and can lead to resentment. Instead, strive to nurture and encourage, even when you
are disciplining your child. Make sure he or she knows that although you want and
expect better next time, your love is there no matter what.

9. Be aware of your own needs and limitations as an effective parent. Face it - you are
an imperfect parent. You have strengths and weaknesses as a family leader. Recognize
your abilities and vow to work on your weaknesses. Try to have realistic expectations
for yourself, your spouse, and your children. You don't have to have all the answers -
be forgiving of yourself. And try to make parenting a manageable job. Focus on the areas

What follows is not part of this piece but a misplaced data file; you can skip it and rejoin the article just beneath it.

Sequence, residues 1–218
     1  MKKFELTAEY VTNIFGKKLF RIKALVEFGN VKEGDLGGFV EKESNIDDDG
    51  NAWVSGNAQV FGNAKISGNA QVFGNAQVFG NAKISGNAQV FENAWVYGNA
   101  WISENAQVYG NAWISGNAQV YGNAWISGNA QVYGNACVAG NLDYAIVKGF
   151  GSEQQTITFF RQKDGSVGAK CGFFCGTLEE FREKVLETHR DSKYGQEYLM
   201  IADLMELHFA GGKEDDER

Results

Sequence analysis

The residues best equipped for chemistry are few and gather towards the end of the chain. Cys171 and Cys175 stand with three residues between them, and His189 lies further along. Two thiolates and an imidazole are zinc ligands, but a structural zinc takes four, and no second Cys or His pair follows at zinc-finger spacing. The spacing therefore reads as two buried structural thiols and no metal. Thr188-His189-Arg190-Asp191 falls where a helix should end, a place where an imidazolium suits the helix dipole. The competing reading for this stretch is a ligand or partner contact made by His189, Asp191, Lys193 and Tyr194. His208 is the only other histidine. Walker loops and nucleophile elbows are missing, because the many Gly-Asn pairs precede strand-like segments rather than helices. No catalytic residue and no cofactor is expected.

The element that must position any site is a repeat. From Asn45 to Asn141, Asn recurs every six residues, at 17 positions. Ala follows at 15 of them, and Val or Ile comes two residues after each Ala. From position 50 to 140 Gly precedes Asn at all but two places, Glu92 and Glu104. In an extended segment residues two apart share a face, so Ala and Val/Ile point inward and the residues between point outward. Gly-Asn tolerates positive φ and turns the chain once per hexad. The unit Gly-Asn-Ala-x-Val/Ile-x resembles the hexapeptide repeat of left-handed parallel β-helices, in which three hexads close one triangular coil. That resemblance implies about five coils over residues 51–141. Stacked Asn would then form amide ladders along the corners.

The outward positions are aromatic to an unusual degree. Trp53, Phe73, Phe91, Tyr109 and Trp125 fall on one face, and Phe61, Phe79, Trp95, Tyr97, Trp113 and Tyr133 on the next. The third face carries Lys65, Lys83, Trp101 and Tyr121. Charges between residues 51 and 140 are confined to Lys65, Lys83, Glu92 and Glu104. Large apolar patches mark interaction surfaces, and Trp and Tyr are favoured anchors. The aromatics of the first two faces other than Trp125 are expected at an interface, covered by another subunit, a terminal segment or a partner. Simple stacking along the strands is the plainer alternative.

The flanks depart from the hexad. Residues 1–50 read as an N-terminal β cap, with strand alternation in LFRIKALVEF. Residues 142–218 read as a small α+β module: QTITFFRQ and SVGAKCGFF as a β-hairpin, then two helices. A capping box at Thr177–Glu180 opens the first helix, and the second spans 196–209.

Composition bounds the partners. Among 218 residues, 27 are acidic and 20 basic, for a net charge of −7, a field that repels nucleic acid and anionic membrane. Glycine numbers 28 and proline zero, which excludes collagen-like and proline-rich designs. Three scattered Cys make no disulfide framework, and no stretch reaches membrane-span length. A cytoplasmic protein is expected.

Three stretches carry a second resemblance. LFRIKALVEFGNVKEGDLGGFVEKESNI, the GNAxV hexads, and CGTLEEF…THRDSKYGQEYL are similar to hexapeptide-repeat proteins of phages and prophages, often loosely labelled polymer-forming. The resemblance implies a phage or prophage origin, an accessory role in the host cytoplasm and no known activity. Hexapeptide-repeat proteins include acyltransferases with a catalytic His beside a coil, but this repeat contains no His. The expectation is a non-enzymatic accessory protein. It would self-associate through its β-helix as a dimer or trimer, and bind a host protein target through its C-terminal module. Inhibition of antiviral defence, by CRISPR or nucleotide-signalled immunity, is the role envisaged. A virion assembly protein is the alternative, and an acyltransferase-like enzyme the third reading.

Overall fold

that need the most attention rather than trying to address everything all at once. Admit
it when you're burned out. Take time out from parenting to do things that will make you
happy as a person (or as a couple). Focusing on your needs does not make you selfish. It
simply means you care about your own well-being, which is another important value to model
for your children.

How to Parent Effectively




How to Balance Work and Parenting As a Single Parent

How to Practice Conscious Parenting

How to Encourage Your Spouse to Interact with the Kids

How to Get Your Children up in the Morning

How to Stop Your Child From Masturbating in Public

How to Give a Spanking

How to Improve Your Mother Daughter Relationship

How to Determine if a Child is Transgender

How to Answer Where Do Babies Come From

How to Be a Good Parent

How to Get Your Adult Children to Move Out

How to Deal With a Spoiled Brat

How to Be a Good Father

How to Be a Good Husband and Father